Updating the Excel version of the task board again falls on the Scrum Master. As you can imagine, in order for this whole process to work, having an invested Scrum Master is essential!

Handling Communication

HP Webcam
In the pre-Scrum days, I relied heavily on instant message and e-mail to communicate with the rest of the team.  While these tools are useful, they certainly can't replace a face-to-face meeting to hash out a complex issue.  With Scrum, we were finding that IM was still too slow and clunky for communication and have since moved to voice and video calls.  Each member of the team is now outfitted with a webcam and headset allowing for quick and productive calls.

There are many benefits to using video over IM or a phone call, but the key is that a video call is much more personal. You can see facial expressions and hand gestures, and see if the other person is distracted or being interrupted by someone else.

Keep All Information Visible

The whole Scrum team has to be aware that not all members are working in the same room. In order to keep everyone up-to-date on a task, we cannot rely on chit-chat across a desk - instead, everything has to be written down somewhere. Of course, there is more information passed along during the day than what is mentioned at the daily stand-up, and that information needs to be captured.

The primary tool we use to store information on stories in the current sprint is, again, OneNote.  It allows for quick cut and paste of screen shots or information from other tools, and really has a low barrier for use.  However, our sprints only last for 2 weeks, so for less ephemeral documentation, we rely on an internal wiki running MediaWiki. Again, this is another place where email fails at having much utility.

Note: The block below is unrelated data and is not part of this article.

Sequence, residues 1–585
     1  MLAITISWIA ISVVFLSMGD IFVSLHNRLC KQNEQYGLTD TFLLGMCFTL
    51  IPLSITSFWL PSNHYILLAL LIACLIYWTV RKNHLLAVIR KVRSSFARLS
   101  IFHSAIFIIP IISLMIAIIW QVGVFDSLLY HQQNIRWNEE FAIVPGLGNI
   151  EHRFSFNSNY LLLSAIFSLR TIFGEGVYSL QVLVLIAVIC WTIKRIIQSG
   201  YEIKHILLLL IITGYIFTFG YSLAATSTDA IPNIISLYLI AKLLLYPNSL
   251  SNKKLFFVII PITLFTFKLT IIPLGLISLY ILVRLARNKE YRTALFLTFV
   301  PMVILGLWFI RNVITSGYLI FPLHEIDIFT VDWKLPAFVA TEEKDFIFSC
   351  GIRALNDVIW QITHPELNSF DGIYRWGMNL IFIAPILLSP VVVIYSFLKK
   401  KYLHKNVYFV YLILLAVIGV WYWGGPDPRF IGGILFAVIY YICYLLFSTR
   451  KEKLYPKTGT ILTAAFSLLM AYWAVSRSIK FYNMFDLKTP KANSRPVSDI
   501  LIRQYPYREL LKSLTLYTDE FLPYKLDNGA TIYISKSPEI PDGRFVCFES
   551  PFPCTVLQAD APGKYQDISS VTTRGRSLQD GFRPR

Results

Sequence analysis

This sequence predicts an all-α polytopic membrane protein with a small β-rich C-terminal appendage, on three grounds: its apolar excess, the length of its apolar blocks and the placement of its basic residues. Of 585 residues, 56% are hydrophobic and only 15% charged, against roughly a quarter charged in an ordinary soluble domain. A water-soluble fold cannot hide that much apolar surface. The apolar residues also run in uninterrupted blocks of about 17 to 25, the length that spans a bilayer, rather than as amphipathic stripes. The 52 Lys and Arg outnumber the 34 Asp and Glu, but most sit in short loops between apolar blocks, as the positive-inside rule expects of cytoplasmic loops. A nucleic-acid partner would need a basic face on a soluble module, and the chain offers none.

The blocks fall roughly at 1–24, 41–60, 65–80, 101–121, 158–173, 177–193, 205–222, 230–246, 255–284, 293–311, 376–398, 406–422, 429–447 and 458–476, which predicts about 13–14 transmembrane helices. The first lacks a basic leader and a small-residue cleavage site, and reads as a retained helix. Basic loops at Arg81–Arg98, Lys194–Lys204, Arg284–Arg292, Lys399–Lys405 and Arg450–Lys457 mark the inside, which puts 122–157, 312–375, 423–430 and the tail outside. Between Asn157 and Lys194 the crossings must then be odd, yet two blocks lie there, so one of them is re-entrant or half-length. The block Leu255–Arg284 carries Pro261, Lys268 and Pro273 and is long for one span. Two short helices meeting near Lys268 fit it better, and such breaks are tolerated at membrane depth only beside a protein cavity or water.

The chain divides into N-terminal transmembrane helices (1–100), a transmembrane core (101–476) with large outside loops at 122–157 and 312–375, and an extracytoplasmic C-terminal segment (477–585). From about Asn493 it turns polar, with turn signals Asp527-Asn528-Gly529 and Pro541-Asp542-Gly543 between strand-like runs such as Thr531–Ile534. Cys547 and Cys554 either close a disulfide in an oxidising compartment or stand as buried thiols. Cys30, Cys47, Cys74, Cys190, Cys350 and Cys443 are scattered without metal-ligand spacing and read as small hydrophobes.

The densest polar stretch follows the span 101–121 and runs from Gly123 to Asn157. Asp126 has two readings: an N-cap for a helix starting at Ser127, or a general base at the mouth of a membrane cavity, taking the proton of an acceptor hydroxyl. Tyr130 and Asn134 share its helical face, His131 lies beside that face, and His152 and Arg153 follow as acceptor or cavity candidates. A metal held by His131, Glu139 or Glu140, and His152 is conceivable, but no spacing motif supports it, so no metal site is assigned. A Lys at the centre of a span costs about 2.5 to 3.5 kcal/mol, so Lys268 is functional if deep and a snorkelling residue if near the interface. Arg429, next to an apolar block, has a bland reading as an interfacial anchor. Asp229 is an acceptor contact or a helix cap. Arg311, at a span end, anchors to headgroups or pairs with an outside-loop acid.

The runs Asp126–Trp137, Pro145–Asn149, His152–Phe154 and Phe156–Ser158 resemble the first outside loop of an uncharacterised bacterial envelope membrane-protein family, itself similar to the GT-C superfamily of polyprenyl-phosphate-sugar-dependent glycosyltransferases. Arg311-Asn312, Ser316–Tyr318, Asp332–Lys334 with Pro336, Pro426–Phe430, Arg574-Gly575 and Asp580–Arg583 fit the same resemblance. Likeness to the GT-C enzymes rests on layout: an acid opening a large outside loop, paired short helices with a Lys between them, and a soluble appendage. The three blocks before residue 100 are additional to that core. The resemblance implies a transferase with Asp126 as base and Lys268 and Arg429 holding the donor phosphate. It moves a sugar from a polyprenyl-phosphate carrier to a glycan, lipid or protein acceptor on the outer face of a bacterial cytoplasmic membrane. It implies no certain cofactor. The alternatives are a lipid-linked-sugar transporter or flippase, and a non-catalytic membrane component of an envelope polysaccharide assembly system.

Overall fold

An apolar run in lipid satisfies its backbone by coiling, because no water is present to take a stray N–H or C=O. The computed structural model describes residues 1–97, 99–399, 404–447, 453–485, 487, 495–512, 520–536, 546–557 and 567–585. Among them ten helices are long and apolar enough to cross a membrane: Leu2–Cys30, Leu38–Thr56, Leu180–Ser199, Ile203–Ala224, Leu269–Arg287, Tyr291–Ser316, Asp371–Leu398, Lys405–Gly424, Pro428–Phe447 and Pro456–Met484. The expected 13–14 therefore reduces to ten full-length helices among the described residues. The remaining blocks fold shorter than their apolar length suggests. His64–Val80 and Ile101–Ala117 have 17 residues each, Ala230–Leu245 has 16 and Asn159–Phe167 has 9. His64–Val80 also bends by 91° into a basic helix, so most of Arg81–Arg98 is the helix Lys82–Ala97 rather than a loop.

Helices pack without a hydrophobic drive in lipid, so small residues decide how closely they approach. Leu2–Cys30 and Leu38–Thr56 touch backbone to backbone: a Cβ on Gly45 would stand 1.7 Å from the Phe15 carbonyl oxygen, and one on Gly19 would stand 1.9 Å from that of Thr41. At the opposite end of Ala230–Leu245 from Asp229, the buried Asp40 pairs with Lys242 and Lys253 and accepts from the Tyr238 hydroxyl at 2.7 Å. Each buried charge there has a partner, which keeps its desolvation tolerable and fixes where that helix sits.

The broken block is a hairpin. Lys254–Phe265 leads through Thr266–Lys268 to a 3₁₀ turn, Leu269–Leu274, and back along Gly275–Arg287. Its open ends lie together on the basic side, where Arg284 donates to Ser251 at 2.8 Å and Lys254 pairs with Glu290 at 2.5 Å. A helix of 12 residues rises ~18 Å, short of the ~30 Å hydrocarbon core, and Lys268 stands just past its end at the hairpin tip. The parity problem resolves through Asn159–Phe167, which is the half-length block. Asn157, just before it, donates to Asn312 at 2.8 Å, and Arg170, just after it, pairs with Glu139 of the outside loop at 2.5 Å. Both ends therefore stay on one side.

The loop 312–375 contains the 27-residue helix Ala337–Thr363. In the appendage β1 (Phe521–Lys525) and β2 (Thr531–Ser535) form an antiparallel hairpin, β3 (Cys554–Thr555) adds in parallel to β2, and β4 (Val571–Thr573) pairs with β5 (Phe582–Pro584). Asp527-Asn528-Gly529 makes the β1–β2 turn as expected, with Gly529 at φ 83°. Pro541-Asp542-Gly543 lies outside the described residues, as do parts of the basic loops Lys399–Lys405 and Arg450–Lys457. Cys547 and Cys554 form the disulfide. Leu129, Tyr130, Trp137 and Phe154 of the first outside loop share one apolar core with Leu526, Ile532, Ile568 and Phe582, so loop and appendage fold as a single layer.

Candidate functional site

As a remote member of the team, if something is not written down, then for all intents and purposes, that information doesn't exist.  This is something that the whole team has to keep in mind.

To Summarize

Having a remote worker in your Scrum team is not always easy, but it is doable.  It requires a commitment from the whole team, and a Scrum Master willing to invest the extra time.  I am lucky to work with a great group who's willing to take these extra steps!

The tools we use to accomplish all of this are:
  • OneNote, it is the lifeblood of our Sprint and stores information on the current tasks along with the inputs and outputs of the daily stand-up meeting.
  • Excel replicates our Sprint task board allowing it to be visible remotely.
  • Lync allows us to communicate quickly and easily through IM, or more importantly, video chat.
  • MediaWiki contains our team's documentation, and keeping this updated is usually one of the outputs from our stories.
The tools we use are Microsoft-centric, but there are many other alternatives that could be used like Trello, JIRA, Skype, and Google Hangouts. Pick what works best in your current environment, and don't try to fit the environment to the tool - but the other way around.